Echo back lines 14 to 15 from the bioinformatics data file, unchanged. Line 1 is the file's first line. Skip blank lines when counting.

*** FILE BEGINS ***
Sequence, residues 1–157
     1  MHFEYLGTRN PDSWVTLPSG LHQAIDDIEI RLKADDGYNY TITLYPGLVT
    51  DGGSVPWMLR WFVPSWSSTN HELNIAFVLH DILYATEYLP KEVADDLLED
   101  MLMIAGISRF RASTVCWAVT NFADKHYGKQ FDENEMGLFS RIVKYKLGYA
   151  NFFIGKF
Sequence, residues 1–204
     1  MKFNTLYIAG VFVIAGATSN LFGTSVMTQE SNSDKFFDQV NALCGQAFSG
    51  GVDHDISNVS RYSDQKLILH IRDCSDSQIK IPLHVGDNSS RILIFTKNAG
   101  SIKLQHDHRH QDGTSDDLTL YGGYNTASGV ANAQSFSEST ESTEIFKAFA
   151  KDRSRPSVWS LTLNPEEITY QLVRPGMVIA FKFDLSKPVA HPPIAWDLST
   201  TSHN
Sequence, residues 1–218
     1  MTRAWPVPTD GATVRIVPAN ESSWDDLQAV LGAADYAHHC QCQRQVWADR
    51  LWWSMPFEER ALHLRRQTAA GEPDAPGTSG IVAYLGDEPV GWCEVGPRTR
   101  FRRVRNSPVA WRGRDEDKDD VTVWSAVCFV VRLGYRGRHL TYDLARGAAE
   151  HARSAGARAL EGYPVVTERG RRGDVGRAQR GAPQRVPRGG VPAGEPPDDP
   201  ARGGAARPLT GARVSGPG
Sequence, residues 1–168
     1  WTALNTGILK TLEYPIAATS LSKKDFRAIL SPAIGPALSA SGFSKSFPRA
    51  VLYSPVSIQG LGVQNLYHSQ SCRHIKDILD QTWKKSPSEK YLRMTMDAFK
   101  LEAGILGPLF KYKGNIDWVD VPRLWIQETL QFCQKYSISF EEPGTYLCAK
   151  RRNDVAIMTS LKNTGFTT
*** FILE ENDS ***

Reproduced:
    51  LWWSMPFEER ALHLRRQTAA GEPDAPGTSG IVAYLGDEPV GWCEVGPRTR
   101  FRRVRNSPVA WRGRDEDKDD VTVWSAVCFV VRLGYRGRHL TYDLARGAAE